Saturday, June 27, 2015

Review: Gone Girl, by Gillian Flynn

Gone Girl has been talked about so much that it's difficult to begin reading the book (or watching the movie) without having an inkling of what is going to happen. It is well-known, then, that the story has a twist, and for those with any semblance of prediction ability, the possibilities for the twist in the story are limited. When I began reading the story, I began with an idea of what this twist was and I was not surprised when it happened. What did surprise me was the boldness of the ending. I will try my best not to give away any details that reveal any twists, but the nature of the book makes it difficult to write about without making any future readers suspicious of what this twist may be. Regardless of whether you know the twist or not, this book is engaging and thrilling from beginning to end.

Nick and Amy Dunne wed five years ago, and it seemed like the perfect match. Both were good-looking, and both found each other exciting. Fast-forward five years, and things are much less than perfect. Nick comes home one day to find the front door wide open, furniture strewn about the house, and his wife missing. The police get involved and right away it's clear that Nick is the number one suspect. The husband is always the top suspect because murders are most often committed by those closest to the victim. Flynn expertly puts us in the perspective of Nick while keeping him at arm's length. We want to believe and trust him, but as events unfold, we clearly cannot trust him.

Meanwhile, the story shares Amy's perspective in the form of diary entries. The diaries begin at the start of the relationship and tell an exciting, happy time. As time unfolds, however, we see problems in the marriage. Nick skipping an anniversary dinner to have drinks with friends and then getting upset with Amy for her disappointment. Nick losing his job. Amy's insecurities with being the titular character of her parents' set of youth books called the Amazing Amy series. As the years go by, the relationship grows more and more miserable.

And yet, all I will say, is the novel is not about one unreliable narrator, but two. That's the nature of diary entries. We are getting the story from one person, and even in Amy's descriptions, one can't help but feel she isn't all she says she is. She says she tries her best to be the cool wife who won't disapprove of Nick coming home late, but she comes off, in some ways, as the passive aggressive wife who is upset by this but only communicates it through her silence. And Nick is caught up in lie after lie. Sure, he admits to the reader that he has lied, but he does not say what he has lied about. And perceptive readers will catch on to some information he is leaving out. He often seems fearful of being found out about something possibly incriminating, but he never says what it is, not even in the confidence of the reader, who can't possibly report that information to the police.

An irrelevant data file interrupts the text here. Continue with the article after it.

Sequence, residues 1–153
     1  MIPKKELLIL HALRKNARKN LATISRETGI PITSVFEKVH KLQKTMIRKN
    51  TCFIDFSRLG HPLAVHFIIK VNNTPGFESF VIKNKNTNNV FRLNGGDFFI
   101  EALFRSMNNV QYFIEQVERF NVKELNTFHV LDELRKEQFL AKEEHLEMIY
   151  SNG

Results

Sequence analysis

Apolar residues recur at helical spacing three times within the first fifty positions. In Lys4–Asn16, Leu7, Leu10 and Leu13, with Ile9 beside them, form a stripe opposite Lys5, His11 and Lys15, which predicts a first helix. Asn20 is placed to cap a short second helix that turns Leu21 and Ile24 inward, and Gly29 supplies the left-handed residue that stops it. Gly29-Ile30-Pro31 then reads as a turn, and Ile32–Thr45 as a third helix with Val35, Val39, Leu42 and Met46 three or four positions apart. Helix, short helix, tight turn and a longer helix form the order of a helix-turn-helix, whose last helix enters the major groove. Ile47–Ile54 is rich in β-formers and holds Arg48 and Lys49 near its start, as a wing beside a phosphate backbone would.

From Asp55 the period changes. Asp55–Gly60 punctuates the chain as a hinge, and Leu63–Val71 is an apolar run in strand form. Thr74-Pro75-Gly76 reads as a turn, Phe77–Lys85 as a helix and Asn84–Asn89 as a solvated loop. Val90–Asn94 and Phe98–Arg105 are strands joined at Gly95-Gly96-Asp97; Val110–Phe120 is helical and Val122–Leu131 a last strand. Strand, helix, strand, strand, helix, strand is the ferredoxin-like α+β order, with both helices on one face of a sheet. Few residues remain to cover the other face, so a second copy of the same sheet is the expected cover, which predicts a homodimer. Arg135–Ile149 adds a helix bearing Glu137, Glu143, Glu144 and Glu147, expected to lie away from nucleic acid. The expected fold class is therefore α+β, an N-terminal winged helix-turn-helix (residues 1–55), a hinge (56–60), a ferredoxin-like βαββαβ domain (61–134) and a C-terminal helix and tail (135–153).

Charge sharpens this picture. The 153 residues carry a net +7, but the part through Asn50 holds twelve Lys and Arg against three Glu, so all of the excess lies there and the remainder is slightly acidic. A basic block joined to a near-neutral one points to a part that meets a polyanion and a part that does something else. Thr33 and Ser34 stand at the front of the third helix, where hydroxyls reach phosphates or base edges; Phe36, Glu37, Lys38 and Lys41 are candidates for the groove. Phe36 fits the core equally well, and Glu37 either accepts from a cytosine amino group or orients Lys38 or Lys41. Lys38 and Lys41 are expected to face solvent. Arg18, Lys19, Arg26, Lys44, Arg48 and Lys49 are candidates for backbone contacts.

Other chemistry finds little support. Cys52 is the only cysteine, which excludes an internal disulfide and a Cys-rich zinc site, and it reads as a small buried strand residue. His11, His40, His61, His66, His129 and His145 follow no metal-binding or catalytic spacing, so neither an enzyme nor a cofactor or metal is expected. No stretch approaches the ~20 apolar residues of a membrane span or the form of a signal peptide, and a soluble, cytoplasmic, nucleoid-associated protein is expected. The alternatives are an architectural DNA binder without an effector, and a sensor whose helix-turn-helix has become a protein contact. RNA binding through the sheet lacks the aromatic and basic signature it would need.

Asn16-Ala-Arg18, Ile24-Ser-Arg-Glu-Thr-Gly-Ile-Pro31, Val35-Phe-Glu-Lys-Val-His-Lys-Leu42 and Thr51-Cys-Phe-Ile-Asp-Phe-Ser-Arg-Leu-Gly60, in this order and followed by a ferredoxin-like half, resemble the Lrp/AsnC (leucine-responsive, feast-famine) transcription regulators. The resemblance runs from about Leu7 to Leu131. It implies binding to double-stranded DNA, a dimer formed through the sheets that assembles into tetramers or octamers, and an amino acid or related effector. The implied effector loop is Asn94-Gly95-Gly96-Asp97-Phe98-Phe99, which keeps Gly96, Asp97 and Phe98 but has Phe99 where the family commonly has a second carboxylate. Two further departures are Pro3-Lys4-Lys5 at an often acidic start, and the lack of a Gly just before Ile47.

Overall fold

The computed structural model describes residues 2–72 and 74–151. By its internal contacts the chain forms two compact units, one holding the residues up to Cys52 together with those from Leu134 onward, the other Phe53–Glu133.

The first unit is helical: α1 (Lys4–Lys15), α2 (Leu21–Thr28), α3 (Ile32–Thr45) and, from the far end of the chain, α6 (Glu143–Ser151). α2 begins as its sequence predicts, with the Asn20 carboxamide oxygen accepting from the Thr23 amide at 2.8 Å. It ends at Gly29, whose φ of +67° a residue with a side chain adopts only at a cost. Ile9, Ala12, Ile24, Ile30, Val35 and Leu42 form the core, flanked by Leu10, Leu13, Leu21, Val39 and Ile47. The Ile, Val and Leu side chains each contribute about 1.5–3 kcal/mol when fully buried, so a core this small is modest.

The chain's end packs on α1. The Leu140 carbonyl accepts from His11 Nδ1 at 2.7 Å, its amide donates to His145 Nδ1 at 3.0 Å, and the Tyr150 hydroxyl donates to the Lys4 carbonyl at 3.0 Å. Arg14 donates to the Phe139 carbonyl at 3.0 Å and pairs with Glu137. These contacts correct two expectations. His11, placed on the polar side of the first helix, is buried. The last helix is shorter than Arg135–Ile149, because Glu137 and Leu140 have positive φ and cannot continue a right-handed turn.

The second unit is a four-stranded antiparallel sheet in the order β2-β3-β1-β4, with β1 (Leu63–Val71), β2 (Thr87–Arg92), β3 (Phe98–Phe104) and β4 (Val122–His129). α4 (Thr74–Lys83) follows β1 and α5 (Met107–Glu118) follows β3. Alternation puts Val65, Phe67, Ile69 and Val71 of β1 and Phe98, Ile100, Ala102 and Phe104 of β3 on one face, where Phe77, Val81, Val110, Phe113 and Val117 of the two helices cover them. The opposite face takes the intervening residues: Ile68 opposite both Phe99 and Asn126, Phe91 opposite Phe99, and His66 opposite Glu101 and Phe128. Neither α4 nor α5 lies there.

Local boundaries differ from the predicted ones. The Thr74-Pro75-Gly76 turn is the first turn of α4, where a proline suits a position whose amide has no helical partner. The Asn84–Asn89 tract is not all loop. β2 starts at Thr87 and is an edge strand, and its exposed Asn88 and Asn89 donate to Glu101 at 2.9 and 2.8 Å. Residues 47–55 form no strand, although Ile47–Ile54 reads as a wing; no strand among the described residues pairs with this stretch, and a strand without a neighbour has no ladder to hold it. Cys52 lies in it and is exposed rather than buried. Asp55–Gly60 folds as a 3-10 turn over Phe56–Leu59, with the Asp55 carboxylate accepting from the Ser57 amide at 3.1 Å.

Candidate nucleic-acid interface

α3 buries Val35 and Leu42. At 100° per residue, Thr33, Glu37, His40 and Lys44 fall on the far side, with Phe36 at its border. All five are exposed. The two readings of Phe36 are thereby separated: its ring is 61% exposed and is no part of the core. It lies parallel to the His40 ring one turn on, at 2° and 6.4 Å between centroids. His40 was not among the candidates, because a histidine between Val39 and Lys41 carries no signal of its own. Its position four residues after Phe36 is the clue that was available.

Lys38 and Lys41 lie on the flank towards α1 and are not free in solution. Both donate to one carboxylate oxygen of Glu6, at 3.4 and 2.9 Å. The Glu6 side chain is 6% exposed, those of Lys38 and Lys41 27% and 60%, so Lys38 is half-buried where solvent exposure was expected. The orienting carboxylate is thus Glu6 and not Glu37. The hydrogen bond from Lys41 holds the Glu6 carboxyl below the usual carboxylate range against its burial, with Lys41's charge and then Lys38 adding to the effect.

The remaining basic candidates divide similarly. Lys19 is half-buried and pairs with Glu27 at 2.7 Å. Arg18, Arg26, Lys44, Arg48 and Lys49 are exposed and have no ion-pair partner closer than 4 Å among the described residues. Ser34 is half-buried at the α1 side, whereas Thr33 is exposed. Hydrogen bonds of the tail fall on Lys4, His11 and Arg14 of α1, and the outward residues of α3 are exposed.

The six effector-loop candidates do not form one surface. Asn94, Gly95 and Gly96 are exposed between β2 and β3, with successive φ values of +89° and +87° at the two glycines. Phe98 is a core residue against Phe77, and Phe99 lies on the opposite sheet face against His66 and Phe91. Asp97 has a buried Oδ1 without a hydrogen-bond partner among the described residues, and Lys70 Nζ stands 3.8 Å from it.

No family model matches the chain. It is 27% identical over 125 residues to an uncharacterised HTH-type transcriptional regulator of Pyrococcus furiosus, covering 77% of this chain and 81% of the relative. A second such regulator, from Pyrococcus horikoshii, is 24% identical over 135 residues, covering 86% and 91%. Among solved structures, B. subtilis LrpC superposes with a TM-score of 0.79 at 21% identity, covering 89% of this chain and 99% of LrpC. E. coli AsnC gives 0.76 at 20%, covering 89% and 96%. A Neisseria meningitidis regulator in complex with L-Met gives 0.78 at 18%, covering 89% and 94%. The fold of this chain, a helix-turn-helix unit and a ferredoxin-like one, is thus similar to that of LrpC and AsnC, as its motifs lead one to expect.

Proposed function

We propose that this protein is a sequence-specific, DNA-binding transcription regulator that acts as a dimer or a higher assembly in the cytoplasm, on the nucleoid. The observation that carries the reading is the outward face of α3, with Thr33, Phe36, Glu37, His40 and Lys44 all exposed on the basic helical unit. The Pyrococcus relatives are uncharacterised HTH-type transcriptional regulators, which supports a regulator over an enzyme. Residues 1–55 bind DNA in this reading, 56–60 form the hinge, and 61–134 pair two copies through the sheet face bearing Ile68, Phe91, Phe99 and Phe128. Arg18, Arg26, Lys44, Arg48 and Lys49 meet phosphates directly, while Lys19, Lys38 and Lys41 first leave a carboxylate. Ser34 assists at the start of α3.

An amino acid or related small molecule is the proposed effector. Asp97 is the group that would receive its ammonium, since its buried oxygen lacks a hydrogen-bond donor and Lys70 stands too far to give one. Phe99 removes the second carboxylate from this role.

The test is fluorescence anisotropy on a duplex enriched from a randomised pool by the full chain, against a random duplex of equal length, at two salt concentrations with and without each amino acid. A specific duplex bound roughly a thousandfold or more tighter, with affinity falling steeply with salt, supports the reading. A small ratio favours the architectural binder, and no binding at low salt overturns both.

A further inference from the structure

Then the novel drops its bombshell. When other novels lay out their big plot twists, it usually means the story is coming to an end. In this case, however, it is just the beginning. The novel doesn't slow down its momentum - it gains momentum. From this moment forward it challenges its readers in their values and their beliefs about what they think they know about missing persons and murder cases like this one. Do you trust what the media tells you? Do you trust the way the media portrays certain people? In most cases, we do trust the media. The media is a powerful, influential force, and it exerts its power by creating a narrative of events even if it doesn't have all of the facts. Rolling Stone magazine had the nation believing, for some time, that the University of Virginia allowed one of its fraternities to get away with gang rape, only for an investigation to later reveal that Rolling Stone hadn't done its fact-checking and the rape likely didn't happen. The gang rape was Rolling Stone's narrative, but it was a false narrative. Gone Girl makes us wonder whether there really is a way to objectively tell a story.

Gone Girl will make you think about issues of trust, of relationships (in particular marriage), of narratives, of the thin line between good and evil, of how media helps shape that line, and of so many things. Her novel may make you angry, and I honestly can't think of any reason somebody will be completely satisfied with the ending, though I don't mean this in a bad way. You will be challenged constantly. You will be thrilled and excited by the intense chess match that plays out. You will be amazed by the wits of its major characters. Ultimately you will be angry. I'm still reeling a little bit, but as with many inevitable things in life, you have no choice but to settle with the fact that evil is unavoidable, no matter how blatantly obvious it is.

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